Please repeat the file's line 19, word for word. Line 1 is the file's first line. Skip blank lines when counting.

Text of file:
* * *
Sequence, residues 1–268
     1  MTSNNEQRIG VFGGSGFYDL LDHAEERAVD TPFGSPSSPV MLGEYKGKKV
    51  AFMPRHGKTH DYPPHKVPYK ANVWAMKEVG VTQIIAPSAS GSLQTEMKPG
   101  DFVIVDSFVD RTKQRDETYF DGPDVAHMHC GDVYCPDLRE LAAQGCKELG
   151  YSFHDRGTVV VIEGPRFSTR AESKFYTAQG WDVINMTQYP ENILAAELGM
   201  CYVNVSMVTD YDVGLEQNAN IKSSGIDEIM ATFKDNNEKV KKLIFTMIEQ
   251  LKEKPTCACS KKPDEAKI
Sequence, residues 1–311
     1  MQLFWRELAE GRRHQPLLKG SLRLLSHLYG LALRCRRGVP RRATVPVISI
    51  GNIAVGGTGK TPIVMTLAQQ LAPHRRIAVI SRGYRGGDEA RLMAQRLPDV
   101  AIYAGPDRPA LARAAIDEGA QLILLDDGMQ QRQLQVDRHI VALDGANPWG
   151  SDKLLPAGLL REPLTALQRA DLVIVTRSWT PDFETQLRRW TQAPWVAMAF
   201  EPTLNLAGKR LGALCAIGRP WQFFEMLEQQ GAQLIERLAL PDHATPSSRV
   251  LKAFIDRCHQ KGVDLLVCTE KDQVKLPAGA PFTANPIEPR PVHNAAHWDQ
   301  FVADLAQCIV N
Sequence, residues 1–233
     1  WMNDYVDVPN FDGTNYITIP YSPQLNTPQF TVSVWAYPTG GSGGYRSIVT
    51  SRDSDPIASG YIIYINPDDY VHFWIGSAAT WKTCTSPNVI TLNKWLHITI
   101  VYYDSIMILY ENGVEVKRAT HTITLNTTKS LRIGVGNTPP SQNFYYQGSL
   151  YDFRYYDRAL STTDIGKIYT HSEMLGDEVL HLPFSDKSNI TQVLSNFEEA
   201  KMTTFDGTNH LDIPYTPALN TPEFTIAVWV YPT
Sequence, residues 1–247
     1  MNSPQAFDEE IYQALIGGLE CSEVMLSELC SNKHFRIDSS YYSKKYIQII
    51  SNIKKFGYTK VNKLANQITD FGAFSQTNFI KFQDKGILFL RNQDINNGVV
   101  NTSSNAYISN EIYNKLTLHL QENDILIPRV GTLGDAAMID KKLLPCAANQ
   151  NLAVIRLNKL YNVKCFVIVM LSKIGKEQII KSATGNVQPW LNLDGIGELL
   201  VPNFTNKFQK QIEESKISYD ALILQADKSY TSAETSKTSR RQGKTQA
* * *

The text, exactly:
   101  VYYDSIMILY ENGVEVKRAT HTITLNTTKS LRIGVGNTPP SQNFYYQGSL